In concurrence with post #3, Victor's isolation is pivotal to this demise. In Mary Shelley's time, friendship among men was highly lauded, perceived as an elevated love; its importance significant. As a foil to Victor, Henry Clerval is the counterbalance to Victor. When Victor isolates himself from his friends and family, he, then, loses this sense of balance between science and soul.
In another novel, Notre Dame de Paris (The Hunchback of Notre Dame), Claude Frollo, the Archdeacon of Notre Dame becomes obsessed with alchemy and the scientific efforts to create gold. A friend comes to him and explains the danger of Frollo's scientific search, telling him that it is like the spider's web that a fly enters: there is no escape, no backing out. Victor Frankenstein goes down a path that eliminates his humanity, a humanity that Henry Clerval fostered for him as friend.
I think it's when Victor "decided" that the pursuit of science was more important than his realtionships with his friends/fiancee, and when he isolated himself from all human companionship and began his great experiment. Part of the general thinking of Romanticism is that reason is not the only path to truth, that science can only tell us how to do things and not why (cf. "The Birthmark," Hawthorne"), and that intuition is just as important a path to "truth" as tuition.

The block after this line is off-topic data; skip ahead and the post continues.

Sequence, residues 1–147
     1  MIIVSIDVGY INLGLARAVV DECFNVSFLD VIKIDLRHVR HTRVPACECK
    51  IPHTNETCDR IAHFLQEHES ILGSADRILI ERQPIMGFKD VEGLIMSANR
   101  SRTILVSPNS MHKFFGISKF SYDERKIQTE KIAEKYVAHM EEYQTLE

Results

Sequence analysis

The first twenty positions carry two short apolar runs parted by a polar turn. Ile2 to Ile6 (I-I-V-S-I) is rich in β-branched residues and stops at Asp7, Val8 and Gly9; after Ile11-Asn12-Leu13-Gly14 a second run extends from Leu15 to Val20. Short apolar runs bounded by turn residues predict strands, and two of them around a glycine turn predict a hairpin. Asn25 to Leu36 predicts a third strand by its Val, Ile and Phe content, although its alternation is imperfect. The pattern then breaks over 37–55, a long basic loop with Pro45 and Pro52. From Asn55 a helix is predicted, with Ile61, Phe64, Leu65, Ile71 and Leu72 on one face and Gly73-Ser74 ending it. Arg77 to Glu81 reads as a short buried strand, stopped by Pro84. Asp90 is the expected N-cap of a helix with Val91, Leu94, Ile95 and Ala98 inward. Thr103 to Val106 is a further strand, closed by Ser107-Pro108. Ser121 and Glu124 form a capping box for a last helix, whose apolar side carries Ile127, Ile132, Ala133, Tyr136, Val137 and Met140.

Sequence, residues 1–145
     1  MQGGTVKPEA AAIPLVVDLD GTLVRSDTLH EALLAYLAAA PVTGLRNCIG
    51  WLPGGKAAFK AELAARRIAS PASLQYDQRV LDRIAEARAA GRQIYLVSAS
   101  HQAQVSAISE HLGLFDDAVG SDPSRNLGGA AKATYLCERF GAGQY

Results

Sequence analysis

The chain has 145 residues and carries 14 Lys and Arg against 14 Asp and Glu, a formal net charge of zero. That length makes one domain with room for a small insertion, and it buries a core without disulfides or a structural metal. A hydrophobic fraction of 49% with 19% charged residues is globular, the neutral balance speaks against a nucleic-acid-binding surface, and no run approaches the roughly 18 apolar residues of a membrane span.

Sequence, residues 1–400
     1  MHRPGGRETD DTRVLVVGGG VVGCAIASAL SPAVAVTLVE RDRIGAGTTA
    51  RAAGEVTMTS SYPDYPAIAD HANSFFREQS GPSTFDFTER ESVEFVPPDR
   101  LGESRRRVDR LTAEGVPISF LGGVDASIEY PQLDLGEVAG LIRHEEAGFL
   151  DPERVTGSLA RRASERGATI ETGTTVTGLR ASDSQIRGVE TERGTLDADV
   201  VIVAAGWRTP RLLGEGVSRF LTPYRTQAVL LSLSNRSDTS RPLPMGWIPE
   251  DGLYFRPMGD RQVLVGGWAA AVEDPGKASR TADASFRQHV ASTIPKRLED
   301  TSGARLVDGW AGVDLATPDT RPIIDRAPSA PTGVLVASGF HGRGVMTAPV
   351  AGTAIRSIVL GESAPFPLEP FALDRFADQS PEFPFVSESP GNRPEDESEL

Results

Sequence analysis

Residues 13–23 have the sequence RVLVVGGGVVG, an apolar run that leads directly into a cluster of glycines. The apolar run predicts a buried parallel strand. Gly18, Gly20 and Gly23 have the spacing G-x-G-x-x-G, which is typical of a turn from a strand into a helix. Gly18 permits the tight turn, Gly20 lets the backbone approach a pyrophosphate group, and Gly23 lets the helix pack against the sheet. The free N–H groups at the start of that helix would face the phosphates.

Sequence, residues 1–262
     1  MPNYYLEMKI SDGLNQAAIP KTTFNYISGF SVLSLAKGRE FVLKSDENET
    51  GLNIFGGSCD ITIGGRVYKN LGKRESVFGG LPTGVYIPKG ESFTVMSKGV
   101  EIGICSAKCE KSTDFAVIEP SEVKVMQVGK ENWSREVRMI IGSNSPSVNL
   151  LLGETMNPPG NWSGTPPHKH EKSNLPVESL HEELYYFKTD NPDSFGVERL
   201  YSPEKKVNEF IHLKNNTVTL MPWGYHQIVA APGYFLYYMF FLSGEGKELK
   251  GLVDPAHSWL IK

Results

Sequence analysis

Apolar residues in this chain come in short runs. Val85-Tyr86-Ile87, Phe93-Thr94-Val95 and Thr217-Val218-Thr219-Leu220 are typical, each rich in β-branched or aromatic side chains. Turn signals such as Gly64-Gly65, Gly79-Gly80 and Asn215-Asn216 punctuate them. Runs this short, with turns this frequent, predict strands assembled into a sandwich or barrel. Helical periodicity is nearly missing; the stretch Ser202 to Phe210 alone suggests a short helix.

Victor's intentions were good; conquering death, giving the gift of life to many/all, is certainly a goal shared by many scientists. But Victor's isolation cut him off from all those who might have tempered his enthusiasm, who might have reminded him that love is more important that just continuing life, and that if you are going to create life, you have an obligation to love that life, no matter how imperfect it turns out to be.
Certainly the pivotal moment in Victor's life was when he elected to allow his ego to take the best of him and, instead of admiring the sciences of physics, biology, and chemistry as fields of study and perhaps elements of genius, he allowed his weakness for ambition and power to switch his love for science to love for self-grandiosity.
It was this same desire to be something higher than himself what drove his insane idea of obtaining a body with dead parts to try to make it come to life. Even further, it was his sick and obsessive nature what basically allowed the supernatural to take place: His ambition was so out of this world that it actually brought the obscure into his action, and manifested.
Thats very true, but would you say we would just assume this from the tone of what he says during his time at Ingolstadt from his studies and when he talks about his interests or is there any specific part of quote that your basing that idea from?